-- e-meil: there's no such thing as a FreeLunch.--
  #5  
Old September 4th 04, 10:13 PM
Alan Browne
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Default

Rivergoat wrote:

I'm thinking I was right on the border of exceeding capabilities on a
recent high altitude shoot. Using a Nikon N90s with circular polarizer
and an 81B warming filter (sorry, I just can't afford a warming
polarizer just now), and the lens hood (on a 24-120 Nikon), some shots
seemed to exhibit a slight vignetting. I am assuming that's due to the
stacking? Is there a rule of thumb, should I be best off not using the
hood when I need to stack? All in all, though I still got some very
nice shots on the trip....


So ... post the phots!

Stacking is a good way to get vignetting at the wide end at large
apertures.
In particular if you also had a UV/Skylight filter, plus 81B plus
the pol it becomes pretty much guaranteed.

The hood may make it worse if it is pushed out... with my circ
pol, a threaded hood cannot be used.

Rule of thumb: if you stack, think about aperture and FL
contributions to vignetting. Wide aperture and wide FOV will
vignette many lenses _without_ filters ... adding them just
increases the liklihood.

Cheers,
Alan


--
-- rec.photo.equipment.35mm user resource:
-- http://www.aliasimages.com/rpe35mmur.htm
-- e-meil: there's no such thing as a FreeLunch.--
  #6  
Old September 4th 04, 11:57 PM
Rivergoat
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Default

On Sat, 04 Sep 2004 17:13:34 -0400, Alan Browne
wrote:

So ... post the phots!


Thanks for the tips, and uh...I feel retarded here...where/how's the
best to post pix? Use a Yahoo location for them, or some other
hosting? I haven't posted a lot of stuff on line all these years, ho
hum....

I was at Bodie State Park, CA in June. As I said, I think I got some
very nice shots, especially considering as "everyone comes to Rick's"
so "everyone photographs Bodie!" *
  #7  
Old September 4th 04, 11:57 PM
Rivergoat
external usenet poster
 
Posts: n/a
Default

On Sat, 04 Sep 2004 17:13:34 -0400, Alan Browne
wrote:

So ... post the phots!


Thanks for the tips, and uh...I feel retarded here...where/how's the
best to post pix? Use a Yahoo location for them, or some other
hosting? I haven't posted a lot of stuff on line all these years, ho
hum....

I was at Bodie State Park, CA in June. As I said, I think I got some
very nice shots, especially considering as "everyone comes to Rick's"
so "everyone photographs Bodie!" *
  #8  
Old September 5th 04, 12:46 AM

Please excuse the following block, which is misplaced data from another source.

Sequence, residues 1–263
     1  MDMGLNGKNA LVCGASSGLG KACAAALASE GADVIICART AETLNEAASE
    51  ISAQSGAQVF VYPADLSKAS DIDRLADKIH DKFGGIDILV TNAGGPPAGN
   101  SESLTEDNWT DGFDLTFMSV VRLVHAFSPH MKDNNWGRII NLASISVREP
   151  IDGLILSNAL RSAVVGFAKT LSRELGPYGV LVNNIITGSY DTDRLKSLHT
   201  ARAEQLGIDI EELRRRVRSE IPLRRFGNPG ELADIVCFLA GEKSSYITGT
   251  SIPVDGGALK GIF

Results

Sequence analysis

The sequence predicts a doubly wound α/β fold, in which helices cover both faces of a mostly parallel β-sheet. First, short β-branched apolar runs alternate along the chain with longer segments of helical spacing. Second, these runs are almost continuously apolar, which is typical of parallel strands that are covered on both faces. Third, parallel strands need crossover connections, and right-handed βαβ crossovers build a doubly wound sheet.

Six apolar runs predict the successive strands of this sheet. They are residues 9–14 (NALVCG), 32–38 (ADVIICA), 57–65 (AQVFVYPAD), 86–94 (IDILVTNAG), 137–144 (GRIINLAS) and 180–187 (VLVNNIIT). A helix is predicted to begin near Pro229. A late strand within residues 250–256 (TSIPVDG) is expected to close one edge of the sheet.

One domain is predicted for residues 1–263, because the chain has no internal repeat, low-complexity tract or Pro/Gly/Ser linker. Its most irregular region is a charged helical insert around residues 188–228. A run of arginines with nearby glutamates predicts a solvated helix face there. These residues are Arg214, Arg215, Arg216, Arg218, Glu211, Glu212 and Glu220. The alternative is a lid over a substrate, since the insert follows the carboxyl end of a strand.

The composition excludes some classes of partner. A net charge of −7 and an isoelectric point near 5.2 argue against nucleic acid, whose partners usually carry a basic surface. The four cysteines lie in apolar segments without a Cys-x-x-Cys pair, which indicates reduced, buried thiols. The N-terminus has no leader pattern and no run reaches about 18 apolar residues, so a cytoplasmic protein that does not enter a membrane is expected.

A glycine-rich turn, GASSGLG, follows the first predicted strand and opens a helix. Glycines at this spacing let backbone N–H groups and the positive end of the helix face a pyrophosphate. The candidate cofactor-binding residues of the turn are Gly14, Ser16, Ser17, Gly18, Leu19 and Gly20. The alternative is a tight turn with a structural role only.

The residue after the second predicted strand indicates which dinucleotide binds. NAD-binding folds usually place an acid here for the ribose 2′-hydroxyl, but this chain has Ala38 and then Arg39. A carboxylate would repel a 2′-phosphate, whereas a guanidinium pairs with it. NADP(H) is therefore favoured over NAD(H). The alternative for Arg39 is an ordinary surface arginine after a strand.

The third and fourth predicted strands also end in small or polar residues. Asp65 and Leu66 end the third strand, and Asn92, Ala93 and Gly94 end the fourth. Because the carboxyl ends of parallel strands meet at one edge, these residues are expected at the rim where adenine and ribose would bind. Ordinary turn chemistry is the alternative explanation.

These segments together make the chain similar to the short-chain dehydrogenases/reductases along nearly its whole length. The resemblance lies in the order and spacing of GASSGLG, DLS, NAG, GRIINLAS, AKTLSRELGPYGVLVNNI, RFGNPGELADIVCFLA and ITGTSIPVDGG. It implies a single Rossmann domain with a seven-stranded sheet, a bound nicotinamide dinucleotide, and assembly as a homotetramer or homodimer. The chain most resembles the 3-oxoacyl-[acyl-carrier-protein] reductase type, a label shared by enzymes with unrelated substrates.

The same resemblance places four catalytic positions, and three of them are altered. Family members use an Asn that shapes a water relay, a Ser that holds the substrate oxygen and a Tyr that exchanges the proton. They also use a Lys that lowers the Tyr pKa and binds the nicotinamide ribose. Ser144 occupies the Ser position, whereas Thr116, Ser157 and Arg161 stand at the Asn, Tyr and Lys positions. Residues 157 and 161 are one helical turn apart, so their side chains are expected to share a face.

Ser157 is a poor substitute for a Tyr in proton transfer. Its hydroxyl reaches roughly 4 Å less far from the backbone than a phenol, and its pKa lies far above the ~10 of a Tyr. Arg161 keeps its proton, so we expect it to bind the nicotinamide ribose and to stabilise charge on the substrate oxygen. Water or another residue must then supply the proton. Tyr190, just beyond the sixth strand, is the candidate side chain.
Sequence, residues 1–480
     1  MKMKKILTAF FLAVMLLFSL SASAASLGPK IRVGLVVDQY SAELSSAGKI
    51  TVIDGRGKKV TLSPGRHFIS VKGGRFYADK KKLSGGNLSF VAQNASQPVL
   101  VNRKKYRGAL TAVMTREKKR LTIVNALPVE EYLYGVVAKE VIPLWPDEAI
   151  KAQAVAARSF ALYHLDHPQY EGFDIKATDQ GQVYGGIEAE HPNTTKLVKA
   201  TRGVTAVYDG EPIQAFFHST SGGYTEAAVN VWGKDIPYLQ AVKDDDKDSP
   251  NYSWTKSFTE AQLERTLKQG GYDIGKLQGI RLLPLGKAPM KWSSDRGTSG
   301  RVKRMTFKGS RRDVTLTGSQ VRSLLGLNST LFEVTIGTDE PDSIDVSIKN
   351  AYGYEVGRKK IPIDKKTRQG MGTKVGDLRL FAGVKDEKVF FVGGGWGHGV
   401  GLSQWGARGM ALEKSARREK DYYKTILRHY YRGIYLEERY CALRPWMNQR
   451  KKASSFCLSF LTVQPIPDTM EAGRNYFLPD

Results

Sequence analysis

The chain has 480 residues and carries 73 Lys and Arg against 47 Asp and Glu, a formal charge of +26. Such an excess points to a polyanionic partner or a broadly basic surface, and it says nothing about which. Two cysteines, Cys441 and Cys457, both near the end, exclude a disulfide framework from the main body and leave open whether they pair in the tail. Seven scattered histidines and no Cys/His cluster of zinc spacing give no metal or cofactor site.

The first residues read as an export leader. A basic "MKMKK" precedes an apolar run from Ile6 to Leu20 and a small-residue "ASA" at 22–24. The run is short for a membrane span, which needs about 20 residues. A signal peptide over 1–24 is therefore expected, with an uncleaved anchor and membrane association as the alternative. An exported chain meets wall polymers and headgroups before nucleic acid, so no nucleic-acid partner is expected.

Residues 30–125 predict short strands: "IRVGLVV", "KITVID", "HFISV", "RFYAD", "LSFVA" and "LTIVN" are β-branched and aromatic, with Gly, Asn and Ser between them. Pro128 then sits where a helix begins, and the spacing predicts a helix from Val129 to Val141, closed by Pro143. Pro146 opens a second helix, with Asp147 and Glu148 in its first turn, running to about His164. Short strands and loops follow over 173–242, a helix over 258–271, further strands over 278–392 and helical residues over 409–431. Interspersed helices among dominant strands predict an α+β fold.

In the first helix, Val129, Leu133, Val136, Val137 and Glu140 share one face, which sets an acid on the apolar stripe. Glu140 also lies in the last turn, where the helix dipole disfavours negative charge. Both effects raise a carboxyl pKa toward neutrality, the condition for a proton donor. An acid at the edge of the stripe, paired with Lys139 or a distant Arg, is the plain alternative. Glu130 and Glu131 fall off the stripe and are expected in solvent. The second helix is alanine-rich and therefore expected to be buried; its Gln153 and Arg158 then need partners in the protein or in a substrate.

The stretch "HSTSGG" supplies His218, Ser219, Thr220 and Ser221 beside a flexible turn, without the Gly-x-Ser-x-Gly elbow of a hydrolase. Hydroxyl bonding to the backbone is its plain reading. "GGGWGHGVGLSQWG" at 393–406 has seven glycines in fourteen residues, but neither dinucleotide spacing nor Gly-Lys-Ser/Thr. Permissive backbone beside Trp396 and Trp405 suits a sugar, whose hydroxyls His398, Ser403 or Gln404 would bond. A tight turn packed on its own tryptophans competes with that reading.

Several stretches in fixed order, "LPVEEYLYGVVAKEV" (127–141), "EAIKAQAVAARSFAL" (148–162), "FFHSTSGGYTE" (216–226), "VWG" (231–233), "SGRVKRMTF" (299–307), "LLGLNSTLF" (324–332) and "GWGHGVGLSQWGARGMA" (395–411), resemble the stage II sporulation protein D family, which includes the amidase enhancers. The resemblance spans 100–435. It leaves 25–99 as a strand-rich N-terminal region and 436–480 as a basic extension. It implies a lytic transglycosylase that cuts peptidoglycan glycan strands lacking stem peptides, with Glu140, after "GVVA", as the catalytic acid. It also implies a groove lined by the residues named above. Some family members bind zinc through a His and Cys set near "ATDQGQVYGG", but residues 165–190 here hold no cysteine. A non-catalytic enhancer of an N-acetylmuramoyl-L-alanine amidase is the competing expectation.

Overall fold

Martin Djernæs
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Default

Hi,
Rivergoat wrote:

Thanks for the tips, and uh...I feel retarded here...where/how's the
best to post pix? Use a Yahoo location for them, or some other
hosting? I haven't posted a lot of stuff on line all these years, ho
hum....


Yahoo or any other place where you can send a web link to the page is
*the best* way to post stuff.

Martin
  #9  
Old September 7th 04, 04:15 AM
Kevin Neilson
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Default

"Rivergoat" wrote in message
...
I'm thinking I was right on the border of exceeding capabilities on a
recent high altitude shoot. Using a Nikon N90s with circular polarizer
and an 81B warming filter (sorry, I just can't afford a warming
polarizer just now), and the lens hood (on a 24-120 Nikon), some shots
seemed to exhibit a slight vignetting. I am assuming that's due to the
stacking? Is there a rule of thumb, should I be best off not using the
hood when I need to stack? All in all, though I still got some very
nice shots on the trip....


I believe Nikon lenses are designed such that they may take one filter
without vignetting. Longer lenses don't vignette as much, but my 28mm
always vignettes with two filters stacked.
-Kevin


  #10  
Old September 7th 04, 04:15 AM
Kevin Neilson
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Posts: n/a
Default

"Rivergoat" wrote in message
...
I'm thinking I was right on the border of exceeding capabilities on a
recent high altitude shoot. Using a Nikon N90s with circular polarizer
and an 81B warming filter (sorry, I just can't afford a warming
polarizer just now), and the lens hood (on a 24-120 Nikon), some shots
seemed to exhibit a slight vignetting. I am assuming that's due to the
stacking? Is there a rule of thumb, should I be best off not using the
hood when I need to stack? All in all, though I still got some very
nice shots on the trip....


I believe Nikon lenses are designed such that they may take one filter
without vignetting. Longer lenses don't vignette as much, but my 28mm
always vignettes with two filters stacked.
-Kevin